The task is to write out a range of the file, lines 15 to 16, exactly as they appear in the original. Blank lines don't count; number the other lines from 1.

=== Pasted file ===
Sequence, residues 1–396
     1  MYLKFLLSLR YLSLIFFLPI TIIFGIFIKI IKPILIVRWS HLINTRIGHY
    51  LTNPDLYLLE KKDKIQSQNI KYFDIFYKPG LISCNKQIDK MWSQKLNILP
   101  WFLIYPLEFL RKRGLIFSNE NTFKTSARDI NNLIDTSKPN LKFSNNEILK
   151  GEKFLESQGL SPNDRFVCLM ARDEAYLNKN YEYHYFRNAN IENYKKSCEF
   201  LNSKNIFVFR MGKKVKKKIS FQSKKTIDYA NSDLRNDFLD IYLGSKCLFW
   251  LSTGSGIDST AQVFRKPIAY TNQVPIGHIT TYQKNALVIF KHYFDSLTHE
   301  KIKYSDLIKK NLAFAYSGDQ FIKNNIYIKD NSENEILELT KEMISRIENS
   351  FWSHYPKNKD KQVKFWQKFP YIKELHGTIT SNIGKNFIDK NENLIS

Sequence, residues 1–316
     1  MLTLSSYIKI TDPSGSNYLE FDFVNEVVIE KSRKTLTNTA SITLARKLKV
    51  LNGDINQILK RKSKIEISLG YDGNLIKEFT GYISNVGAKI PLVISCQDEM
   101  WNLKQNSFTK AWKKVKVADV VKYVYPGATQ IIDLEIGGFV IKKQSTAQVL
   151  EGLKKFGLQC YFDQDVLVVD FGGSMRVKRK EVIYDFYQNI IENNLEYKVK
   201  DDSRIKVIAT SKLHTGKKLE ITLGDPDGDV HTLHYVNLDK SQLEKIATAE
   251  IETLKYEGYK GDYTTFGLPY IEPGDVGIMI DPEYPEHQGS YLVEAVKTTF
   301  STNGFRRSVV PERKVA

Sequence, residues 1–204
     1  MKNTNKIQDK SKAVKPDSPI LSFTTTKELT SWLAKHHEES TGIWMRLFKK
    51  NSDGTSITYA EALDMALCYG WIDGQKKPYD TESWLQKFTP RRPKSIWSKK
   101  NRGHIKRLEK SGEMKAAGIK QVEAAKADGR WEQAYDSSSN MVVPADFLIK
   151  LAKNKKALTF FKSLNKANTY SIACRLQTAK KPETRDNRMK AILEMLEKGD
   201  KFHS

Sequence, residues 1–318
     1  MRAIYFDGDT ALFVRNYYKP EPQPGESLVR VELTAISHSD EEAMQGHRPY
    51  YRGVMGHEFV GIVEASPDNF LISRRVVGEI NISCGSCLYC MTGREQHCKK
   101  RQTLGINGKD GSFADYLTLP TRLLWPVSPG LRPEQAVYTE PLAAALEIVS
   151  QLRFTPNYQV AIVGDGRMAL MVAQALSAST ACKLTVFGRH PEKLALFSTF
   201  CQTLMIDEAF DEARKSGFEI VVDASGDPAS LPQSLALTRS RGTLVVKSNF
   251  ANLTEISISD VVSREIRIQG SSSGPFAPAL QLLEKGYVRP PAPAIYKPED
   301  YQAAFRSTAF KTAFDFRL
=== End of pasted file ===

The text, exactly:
   201  DDSRIKVIAT SKLHTGKKLE ITLGDPDGDV HTLHYVNLDK SQLEKIATAE
   251  IETLKYEGYK GDYTTFGLPY IEPGDVGIMI DPEYPEHQGS YLVEAVKTTF